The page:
The classical approach to sandstone petrology, established in the golden years of plate tectonics and based on the axiom that "detrital modes of sandstone suites primarily reflect the different tectonic settings of provenance terranes," has represented a benchmark for decades. The composition of sand and sandstone, however, simply provides us with a distorted image of the lithological structure of source terranes and gives us little clue whether they are allochthonous or autochthonous, orogenic or anorogenic, young or old. What we may able to see reflected in detrital modes is the nature of source terranes (continental, arc, oceanic) and the tectonostratigraphic level reached by erosion in space and time. The proposed new approach to the petrology of sand and sandstone (1) starts with a simple classification scheme circulated since the 1960s, which is purely descriptive, objective, and free of ill-defined ambiguous terms and (2) focuses on the nature and tectonostratigraphic level of source terranes. Further steps are essential to upgrade provenance analysis. Acquiring knowledge from modern settings is needed to properly identify and wherever possible correct for physical and chemical processes introducing environmental and diagenetic bias and thus address nature's complexities with adequate conceptual tools. Equally important is the integration of multiple techniques, ideally including bulk-sediment, multi-mineral, and single-mineral methods. Bulk-sediment petrography remains the fundamental approach that allows us to capture the most precious source of direct provenance information, represented by the mineralogy and texture of rock fragments. Bulk-sediment geochemistry, applicable also to silt and clay carried in suspension, is a superior method to check for hydraulic sorting, chemical weathering, and fertility of detrital minerals in different sediment sources. Detrital geochronology, thermochronology, and isotope geochemistry reveal the diverse time structures of source rocks and have become necessary complementary techniques in modern provenance analysis. Inferences on geodynamic processes need independent geological information and come last, but if tackled properly, they can lead us much farther than the standard label obtained by using triangular diagrams uncritically as if they were infallible oracles.

Garzanti, E. (2016). From static to dynamic provenance analysis-Sedimentary petrology upgraded. SEDIMENTARY GEOLOGY, 336, 3-13 [10.1016/j.sedgeo.2015.07.010].

From static to dynamic provenance analysis-Sedimentary petrology upgraded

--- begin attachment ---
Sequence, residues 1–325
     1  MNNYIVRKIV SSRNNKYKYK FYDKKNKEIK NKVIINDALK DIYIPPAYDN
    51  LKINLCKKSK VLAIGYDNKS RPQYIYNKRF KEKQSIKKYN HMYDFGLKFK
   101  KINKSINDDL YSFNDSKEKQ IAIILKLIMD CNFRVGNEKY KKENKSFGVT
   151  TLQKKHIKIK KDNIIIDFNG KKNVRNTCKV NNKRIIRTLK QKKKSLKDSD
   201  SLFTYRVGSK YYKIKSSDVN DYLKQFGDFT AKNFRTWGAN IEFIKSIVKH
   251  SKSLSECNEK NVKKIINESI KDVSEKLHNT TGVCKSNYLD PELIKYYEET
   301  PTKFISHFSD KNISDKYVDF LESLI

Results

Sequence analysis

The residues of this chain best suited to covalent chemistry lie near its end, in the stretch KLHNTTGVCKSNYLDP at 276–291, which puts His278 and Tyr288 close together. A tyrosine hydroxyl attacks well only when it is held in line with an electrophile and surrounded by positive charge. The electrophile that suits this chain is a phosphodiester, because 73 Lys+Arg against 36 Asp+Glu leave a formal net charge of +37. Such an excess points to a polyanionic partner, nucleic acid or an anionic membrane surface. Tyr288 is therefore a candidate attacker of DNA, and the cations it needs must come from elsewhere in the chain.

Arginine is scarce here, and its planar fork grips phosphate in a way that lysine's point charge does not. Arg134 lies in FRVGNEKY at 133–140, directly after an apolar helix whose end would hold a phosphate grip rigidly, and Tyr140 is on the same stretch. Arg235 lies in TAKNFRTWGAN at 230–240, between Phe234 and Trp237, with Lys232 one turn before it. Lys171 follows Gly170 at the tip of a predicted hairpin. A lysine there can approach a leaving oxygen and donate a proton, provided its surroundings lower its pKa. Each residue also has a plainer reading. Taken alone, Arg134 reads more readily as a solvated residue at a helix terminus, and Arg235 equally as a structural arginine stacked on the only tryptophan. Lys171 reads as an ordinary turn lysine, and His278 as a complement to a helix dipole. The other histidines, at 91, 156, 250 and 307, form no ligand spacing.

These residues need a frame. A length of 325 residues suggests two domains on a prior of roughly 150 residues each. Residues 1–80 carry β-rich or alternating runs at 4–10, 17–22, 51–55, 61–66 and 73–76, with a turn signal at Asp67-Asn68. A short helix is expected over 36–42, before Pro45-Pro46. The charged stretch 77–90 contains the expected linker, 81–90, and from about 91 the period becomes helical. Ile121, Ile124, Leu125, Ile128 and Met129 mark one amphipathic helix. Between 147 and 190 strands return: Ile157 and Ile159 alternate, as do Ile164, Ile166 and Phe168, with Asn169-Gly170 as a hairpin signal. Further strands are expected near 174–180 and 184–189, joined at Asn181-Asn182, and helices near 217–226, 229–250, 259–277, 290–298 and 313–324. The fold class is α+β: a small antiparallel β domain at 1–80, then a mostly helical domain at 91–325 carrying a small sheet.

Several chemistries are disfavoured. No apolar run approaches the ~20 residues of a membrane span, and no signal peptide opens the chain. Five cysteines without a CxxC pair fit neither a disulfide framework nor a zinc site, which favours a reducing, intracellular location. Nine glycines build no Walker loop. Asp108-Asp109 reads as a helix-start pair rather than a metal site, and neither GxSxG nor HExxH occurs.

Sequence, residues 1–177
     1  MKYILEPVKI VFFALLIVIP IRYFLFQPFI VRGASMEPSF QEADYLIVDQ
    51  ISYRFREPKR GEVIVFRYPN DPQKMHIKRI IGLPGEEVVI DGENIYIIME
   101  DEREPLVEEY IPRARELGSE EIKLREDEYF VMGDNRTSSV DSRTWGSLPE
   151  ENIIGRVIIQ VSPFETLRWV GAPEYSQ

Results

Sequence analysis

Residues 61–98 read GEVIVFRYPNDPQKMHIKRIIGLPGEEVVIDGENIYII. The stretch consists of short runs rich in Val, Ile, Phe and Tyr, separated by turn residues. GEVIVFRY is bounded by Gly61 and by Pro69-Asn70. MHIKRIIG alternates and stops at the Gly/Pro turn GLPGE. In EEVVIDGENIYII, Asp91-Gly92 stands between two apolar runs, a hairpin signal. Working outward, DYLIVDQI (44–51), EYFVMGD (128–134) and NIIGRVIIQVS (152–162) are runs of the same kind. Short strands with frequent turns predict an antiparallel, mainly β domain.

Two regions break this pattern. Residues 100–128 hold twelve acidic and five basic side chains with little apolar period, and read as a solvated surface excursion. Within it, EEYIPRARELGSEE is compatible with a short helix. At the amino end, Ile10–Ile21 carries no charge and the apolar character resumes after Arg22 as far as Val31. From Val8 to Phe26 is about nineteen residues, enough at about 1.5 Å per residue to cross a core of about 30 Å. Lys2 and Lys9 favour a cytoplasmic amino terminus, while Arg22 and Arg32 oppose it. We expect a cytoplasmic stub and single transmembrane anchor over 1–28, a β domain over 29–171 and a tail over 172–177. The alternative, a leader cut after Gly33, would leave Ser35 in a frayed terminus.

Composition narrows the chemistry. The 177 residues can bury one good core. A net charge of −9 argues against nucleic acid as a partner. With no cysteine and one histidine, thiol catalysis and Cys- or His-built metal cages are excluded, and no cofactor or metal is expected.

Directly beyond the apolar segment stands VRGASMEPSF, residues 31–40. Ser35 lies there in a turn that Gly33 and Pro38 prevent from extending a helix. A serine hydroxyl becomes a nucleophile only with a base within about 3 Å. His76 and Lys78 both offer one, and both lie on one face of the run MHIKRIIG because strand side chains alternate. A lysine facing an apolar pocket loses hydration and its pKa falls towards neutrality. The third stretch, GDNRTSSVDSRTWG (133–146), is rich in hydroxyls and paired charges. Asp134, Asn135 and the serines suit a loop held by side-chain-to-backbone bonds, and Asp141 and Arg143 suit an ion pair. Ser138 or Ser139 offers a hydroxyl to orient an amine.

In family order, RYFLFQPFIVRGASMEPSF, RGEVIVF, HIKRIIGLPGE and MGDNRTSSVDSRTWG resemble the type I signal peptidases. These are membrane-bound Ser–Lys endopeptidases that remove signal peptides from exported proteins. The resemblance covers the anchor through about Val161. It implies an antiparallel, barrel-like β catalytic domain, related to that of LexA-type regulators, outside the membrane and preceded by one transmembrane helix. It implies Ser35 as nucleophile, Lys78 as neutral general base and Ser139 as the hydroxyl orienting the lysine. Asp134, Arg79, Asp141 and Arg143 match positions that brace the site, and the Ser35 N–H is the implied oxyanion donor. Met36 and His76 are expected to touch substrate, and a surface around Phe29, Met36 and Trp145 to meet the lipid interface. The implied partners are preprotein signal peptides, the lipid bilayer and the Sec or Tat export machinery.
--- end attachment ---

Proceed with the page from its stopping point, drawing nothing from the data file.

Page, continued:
Garzanti, E
2016

Abstract

The classical approach to sandstone petrology, established in the golden years of plate tectonics and based on the axiom that "detrital modes of sandstone suites primarily reflect the different tectonic settings of provenance terranes," has represented a benchmark for decades. The composition of sand and sandstone, however, simply provides us with a distorted image of the lithological structure of source terranes and gives us little clue whether they are allochthonous or autochthonous, orogenic or anorogenic, young or old. What we may able to see reflected in detrital modes is the nature of source terranes (continental, arc, oceanic) and the tectonostratigraphic level reached by erosion in space and time. The proposed new approach to the petrology of sand and sandstone (1) starts with a simple classification scheme circulated since the 1960s, which is purely descriptive, objective, and free of ill-defined ambiguous terms and (2) focuses on the nature and tectonostratigraphic level of source terranes. Further steps are essential to upgrade provenance analysis. Acquiring knowledge from modern settings is needed to properly identify and wherever possible correct for physical and chemical processes introducing environmental and diagenetic bias and thus address nature's complexities with adequate conceptual tools. Equally important is the integration of multiple techniques, ideally including bulk-sediment, multi-mineral, and single-mineral methods. Bulk-sediment petrography remains the fundamental approach that allows us to capture the most precious source of direct provenance information, represented by the mineralogy and texture of rock fragments. Bulk-sediment geochemistry, applicable also to silt and clay carried in suspension, is a superior method to check for hydraulic sorting, chemical weathering, and fertility of detrital minerals in different sediment sources. Detrital geochronology, thermochronology, and isotope geochemistry reveal the diverse time structures of source rocks and have become necessary complementary techniques in modern provenance analysis. Inferences on geodynamic processes need independent geological information and come last, but if tackled properly, they can lead us much farther than the standard label obtained by using triangular diagrams uncritically as if they were infallible oracles.
Articolo in rivista - Articolo scientifico
Bulk-sediment methods; Dickinson model; Multi-mineral methods; Sandstone petrology; Single-mineral methods; Unroofing trends;
Bulk-sediment methods; Dickinson model; Multi-mineral methods; Sandstone petrology; Single-mineral methods; Unroofing trends; Geology; Stratigraphy
English
31-lug-2015
2016
336
3
13
none
Garzanti, E. (2016). From static to dynamic provenance analysis-Sedimentary petrology upgraded. SEDIMENTARY GEOLOGY, 336, 3-13 [10.1016/j.sedgeo.2015.07.010].
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Utilizza questo identificativo per citare o creare un link a questo documento: https://hdl.handle.net/10281/95339
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